May. 10th, 2010

2010 Multi-state Survey on Race & Politics

From February 8 through March 15, 2010, WISER (the University of Washington Institute for the Study of Ethnicity, Race, and Sexuality) contacted people in seven states. They asked them about whether they "strongly approved", "somewhat approved", "somewhat disapproved", or "strongly disapproved" of the tea party. Then they asked other questions.

One set of questions is whether people of a given ethnic group are "hard-working", "intelligent", or "trustworthy". The results put a lower bound on the percentage of people who believe that those attributes correlate with race.

Among Whites who "strongly approve" of the tea party,

BlacksLatinos Asians WhitesDifference
Hard-Working 35% 54% 56% 49%21%
Intelligent 45% 44% 62% 59%18%
Trustworthy 41% 42% 53% 49%12%

We know at least 21% of these White tea-partiers believe that Blacks are not hard-working, but that Asians are. (We don't know the correlation. It might be that 44% of tea partiers think that NO group is hard-working. It might be that the 35% who think Blacks are hard-working think that all the others are not hard-working. The only thing we can say from the data is that at least 21% of the results changed depending on race.)

We can do the same analysis among the polar-opposite group.

Among Whites who "strongly oppose" the tea party,
Blacks Latinos Asians Whites Difference
Hard-Working 55% 58% 71% 56% 16%
Intelligent 59% 56% 65% 69% 13%
Trustworthy 57% 56% 70% 72% 16%

We know that at least 16% of Whites who strongly oppose the tea party believe that Blacks are not hard-working, but that Asians are. (Exactly the same caveats apply.)

Because both groups are White, we can also measure how differently the supporters and opponents see the other races: Take the difference between how they see Whites and how they see others. For example, among the strong supporters of the Tea Party, 56% consider Asians to be hard-working, but 49% consider Whites to be hard-working. Therefore, the difference is +7%. Remember that this table only measures a minimum difference.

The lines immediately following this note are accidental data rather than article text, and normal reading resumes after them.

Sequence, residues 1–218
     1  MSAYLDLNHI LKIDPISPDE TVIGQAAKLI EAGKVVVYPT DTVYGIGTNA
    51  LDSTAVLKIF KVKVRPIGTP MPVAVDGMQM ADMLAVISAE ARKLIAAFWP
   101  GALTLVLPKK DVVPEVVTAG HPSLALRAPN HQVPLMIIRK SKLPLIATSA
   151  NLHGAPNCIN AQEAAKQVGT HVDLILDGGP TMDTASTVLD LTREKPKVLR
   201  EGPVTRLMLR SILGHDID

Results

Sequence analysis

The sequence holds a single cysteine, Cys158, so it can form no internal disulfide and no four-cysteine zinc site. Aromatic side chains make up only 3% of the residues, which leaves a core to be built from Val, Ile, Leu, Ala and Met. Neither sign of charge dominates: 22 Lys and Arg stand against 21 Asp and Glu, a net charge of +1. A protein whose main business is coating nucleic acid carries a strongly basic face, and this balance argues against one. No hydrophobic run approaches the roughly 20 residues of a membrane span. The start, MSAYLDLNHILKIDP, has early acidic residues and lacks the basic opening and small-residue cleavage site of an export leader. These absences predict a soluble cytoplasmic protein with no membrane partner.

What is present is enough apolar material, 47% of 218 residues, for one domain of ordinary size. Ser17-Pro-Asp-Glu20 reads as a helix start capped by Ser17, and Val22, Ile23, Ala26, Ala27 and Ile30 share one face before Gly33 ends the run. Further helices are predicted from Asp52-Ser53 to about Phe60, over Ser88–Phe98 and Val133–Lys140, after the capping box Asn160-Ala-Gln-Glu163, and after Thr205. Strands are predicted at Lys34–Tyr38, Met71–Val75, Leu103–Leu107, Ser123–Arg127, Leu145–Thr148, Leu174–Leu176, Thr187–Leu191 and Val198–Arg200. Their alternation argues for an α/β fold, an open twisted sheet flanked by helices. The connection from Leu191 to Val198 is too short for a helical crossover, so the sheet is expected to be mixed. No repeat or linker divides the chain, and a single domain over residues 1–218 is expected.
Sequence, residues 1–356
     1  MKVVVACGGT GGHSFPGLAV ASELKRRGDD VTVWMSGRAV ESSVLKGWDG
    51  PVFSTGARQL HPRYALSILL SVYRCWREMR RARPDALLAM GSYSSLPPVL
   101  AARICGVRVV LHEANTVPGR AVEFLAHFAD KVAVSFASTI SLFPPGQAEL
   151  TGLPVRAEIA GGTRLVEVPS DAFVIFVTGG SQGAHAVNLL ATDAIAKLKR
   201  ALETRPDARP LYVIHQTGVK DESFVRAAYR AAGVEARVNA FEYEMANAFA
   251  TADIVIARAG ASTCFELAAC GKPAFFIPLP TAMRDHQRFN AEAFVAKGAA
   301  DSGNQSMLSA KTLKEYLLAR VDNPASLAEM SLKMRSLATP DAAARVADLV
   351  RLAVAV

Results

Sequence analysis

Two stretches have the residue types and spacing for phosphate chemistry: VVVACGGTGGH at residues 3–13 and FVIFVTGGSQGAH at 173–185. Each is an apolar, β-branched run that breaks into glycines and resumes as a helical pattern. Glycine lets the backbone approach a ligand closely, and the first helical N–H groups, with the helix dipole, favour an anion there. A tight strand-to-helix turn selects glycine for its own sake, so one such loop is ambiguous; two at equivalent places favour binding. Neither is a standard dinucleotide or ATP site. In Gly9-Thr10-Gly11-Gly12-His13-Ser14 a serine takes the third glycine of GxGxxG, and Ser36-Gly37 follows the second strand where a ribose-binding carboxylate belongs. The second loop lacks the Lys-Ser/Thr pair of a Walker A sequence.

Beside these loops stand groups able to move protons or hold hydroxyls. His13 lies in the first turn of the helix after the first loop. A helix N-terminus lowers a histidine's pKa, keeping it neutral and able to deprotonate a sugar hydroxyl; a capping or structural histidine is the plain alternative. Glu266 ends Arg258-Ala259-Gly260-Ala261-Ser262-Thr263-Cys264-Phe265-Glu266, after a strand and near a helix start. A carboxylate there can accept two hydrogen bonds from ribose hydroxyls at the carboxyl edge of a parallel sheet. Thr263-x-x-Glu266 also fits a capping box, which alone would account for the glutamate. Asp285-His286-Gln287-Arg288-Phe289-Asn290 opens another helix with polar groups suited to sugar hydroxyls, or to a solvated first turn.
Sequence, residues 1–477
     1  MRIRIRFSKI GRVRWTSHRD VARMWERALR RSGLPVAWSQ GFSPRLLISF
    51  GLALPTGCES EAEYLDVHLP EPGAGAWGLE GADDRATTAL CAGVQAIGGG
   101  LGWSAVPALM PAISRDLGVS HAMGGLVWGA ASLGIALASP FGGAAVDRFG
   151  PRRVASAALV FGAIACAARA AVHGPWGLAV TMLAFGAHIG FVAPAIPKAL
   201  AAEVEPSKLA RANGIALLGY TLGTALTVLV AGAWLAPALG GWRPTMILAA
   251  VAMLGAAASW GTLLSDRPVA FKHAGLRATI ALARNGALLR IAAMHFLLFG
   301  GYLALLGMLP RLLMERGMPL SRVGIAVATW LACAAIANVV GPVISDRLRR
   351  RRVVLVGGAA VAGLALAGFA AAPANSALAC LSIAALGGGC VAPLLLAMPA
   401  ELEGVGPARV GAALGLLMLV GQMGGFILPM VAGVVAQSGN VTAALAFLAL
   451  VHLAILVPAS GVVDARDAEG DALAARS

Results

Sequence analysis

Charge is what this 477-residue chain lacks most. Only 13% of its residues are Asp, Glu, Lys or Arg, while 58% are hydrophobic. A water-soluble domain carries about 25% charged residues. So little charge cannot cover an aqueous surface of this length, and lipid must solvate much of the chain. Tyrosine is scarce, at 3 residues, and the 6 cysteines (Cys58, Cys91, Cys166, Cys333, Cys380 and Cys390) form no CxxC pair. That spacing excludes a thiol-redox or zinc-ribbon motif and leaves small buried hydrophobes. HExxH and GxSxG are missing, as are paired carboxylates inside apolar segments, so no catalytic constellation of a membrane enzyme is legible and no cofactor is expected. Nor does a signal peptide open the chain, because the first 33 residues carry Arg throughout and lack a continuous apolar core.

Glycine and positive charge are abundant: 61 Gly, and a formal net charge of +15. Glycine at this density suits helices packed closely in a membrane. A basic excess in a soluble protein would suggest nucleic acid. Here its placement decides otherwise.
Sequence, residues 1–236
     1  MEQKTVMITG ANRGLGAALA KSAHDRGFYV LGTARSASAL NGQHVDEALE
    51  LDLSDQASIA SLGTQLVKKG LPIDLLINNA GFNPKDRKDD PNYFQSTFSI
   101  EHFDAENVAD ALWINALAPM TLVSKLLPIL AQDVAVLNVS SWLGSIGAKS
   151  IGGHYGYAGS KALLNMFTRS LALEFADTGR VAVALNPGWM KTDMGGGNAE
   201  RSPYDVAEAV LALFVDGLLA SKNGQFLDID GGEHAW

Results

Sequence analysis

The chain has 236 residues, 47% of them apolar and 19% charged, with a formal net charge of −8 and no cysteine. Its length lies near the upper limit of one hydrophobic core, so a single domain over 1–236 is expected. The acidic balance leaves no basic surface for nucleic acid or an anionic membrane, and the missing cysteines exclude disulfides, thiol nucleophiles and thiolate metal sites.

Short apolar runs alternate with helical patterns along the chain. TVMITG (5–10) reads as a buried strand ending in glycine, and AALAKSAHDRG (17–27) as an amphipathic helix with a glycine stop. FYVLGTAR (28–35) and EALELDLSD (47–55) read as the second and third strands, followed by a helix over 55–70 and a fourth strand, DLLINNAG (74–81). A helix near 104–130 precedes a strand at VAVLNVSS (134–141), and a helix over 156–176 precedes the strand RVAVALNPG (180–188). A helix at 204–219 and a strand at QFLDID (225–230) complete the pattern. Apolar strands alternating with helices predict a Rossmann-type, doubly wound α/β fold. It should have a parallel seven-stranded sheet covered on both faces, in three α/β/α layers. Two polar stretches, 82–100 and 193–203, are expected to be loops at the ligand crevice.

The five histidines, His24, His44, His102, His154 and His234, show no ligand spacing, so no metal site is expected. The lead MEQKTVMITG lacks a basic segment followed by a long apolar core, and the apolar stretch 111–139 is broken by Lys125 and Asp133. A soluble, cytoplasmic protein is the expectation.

Among the strong supporters of the Tea Party:
Blacks Latinos Asians
Hard-Working -14% +5% +7%
Intelligent -14% -15% +3%
Trustworthy -8% -7% +4%

Average of the absolute values: 8.5556%

Among the strong opponents of the Tea Party:
Blacks Latinos Asians
Hard-Working -1% +2% +15%
Intelligent -10% -13% -4%
Trustworthy -15% -16% +4%

Average of the absolute values: 8.8889%

In this data, the difference between White tea partiers and Whites who strongly oppose the tea party seems to be as much about cynicism as about race. Whites who strongly oppose the tea party are more likely to consider anyone -- no matter the race -- more hard-working, intelligent, and trustworthy than Whites who strongly support the tea party. When you look at how much each group sees "the other" as different, they disagree on how the other is different, but they are similar on how much the other is different.

On the other hand, the same source gives plenty of differences between the tea partiers and their opponents. Here's where they disagree by more than 40%:

Tea Party Supporters Tea Party Opponents
Generations of slavery and
discrimination have created
conditions that make it difficult
for Blacks to work their way out
of the lower class (% Disagree)



It's really a matter of some
people not trying hard enough; if
Blacks would only try harder they
could be just as well off as Whites.
(% Agree)



Gay or lesbian couples should be
allowed to legally adopt children.
(% Agree)



We don't give everyone an
equal chance in this country.
(% Agree)



If people were treated more
equally, we'd have many
fewer problems in this
country. (% Agree)



President Obama is "Knowledgeable".
(% Agree)



President Obama is "Moral".
(% Agree)



I've bolded what I consider the most important question. Tea Party supporters believe that we already give everyone an equal chance. Tea Party
opponents don't.

What do you think? Take care, all.



Brent "Chip" Edwars

May 2010

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